36 Aquilae

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36 Aquilae
Diagram showing star positions and boundaries of the Aquila constellation and its surroundings
Cercle rouge 100%.svg

Location of 36 Aquarii (circled)
Observation data
Epoch J2000      Equinox J2000
Constellation Aquila
Right ascension 19h 30m 39.83606s[1]
Declination –02° 47′ 19.9944″[1]
Apparent magnitude (V) 5.02[2]
Characteristics
Spectral type M1 III[3]
U−B color index +2.03[2]
B−V color index +1.75[2]
Astrometry
Radial velocity (Rv) –10.38 ± 0.55[4] km/s
Proper motion (μ) RA: +20.64[1] mas/yr
Dec.: –10.63[1] mas/yr
Parallax (π) 6.17 ± 0.30[1] mas
Distance 530 ± 30 ly
(162 ± 8 pc)
Details
Radius 54[5] R
Other designations
BD–03 4612, FK5 1509, HD 183630, HIP 95937, HR 7414, SAO 143482.[3]

36 Aquilae (abbreviated 36 Aql) is a star in the equatorial constellation of Aquila. 36 Aquilae is its Flamsteed designation though it also bears the Bayer designation e Aquilae. With an apparent visual magnitude of 5.02,[2] this star is faintly visible to the naked eye. It has an annual parallax shift of 6.17 mas, indicating a physical distance of 530 light-years (160 parsecs) with a 30 light-year margin of error.[1]

The spectrum of this star matches a stellar classification of M1 III.[3] It is a red giant star with 54[5] times the radius of the Sun that is currently on the asymptotic giant branch.[6] This means the star is generating energy by the fusion of hydrogen along an outer shell and helium along a concentric inner shell, surrounding an inert core of carbon and oxygen. 36 Aquilae undergoes small, periodic variations in luminosity, changing by 0.0063 magnitudes about 11.5 times per day, or once every 2 hours and 5.2 minutes.[7]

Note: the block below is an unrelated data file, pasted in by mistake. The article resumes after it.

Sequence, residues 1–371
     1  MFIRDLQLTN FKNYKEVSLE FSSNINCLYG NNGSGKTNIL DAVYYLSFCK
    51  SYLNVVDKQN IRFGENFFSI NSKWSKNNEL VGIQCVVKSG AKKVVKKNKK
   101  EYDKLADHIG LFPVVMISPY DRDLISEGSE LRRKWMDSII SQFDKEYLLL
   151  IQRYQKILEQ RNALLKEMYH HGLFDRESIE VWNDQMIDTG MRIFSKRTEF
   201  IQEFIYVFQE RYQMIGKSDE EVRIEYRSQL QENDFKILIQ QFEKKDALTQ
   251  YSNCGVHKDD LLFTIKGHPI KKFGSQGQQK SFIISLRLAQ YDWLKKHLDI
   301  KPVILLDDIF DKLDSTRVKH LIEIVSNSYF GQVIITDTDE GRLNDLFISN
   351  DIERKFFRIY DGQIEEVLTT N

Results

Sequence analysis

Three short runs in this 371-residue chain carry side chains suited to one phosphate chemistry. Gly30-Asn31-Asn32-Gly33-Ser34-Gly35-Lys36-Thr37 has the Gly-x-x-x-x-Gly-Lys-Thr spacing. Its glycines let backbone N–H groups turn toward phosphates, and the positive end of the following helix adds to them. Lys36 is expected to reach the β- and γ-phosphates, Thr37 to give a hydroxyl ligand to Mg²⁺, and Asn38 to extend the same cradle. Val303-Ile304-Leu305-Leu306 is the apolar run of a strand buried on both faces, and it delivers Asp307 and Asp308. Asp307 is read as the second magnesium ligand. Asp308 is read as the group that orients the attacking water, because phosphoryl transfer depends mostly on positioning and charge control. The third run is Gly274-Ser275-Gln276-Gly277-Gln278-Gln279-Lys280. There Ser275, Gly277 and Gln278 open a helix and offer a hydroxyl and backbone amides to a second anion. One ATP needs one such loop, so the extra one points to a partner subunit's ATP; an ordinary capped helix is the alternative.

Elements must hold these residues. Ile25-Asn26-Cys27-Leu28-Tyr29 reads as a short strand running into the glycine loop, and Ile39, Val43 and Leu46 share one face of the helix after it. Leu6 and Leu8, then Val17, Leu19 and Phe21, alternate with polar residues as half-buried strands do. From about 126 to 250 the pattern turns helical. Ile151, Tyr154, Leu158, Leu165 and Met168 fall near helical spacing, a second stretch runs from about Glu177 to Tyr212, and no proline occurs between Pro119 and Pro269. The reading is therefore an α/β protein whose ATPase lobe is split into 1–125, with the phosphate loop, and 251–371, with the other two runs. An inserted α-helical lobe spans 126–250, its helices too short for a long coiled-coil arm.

References[edit]

  1. ^ a b c d e f van Leeuwen, F. (November 2007), "Validation of the new Hipparcos reduction", Astronomy and Astrophysics, 474 (2): 653–664, arXiv:0708.1752free to read, Bibcode:2007A&A...474..653V, doi:10.1051/0004-6361:20078357. 
  2. ^ a b c d Cousins, A. W. J. (1964), "Photometric Data for Stars in the Equatorial Zone (Seventh List)", Monthly Notes of the Astronomical Society of Southern Africa, 23: 175, Bibcode:1964MNSSA..23..175C. 
  3. ^ a b c "e Aql -- Variable Star", SIMBAD Astronomical Object Database, Centre de Données astronomiques de Strasbourg, retrieved 2012-07-22. 
  4. ^ Famaey, B.; et al. (May 2009), "Spectroscopic binaries among Hipparcos M giants. I. Data, orbits, and intrinsic variations", Astronomy and Astrophysics, 498 (2): 627–640, arXiv:0901.0934free to read, Bibcode:2009A&A...498..627F, doi:10.1051/0004-6361/200810698. 
  5. ^ a b Pasinetti Fracassini, L. E.; et al. (February 2001), "Catalogue of Apparent Diameters and Absolute Radii of Stars (CADARS) - Third edition - Comments and statistics", Astronomy and Astrophysics, 367 (2): 521–524, arXiv:astro-ph/0012289free to read, Bibcode:2001A&A...367..521P, doi:10.1051/0004-6361:20000451. 
  6. ^ Eggen, Olin J. (July 1992), "Asymptotic giant branch stars near the sun", Astronomical Journal, 104 (1): 275–313, Bibcode:1992AJ....104..275E, doi:10.1086/116239. 
  7. ^ Koen, Chris; Eyer, Laurent (March 2002), "New periodic variables from the Hipparcos epoch photometry", Monthly Notices of the Royal Astronomical Society, 331 (1): 45–59, arXiv:astro-ph/0112194free to read, Bibcode:2002MNRAS.331...45K, doi:10.1046/j.1365-8711.2002.05150.x. 

External links[edit]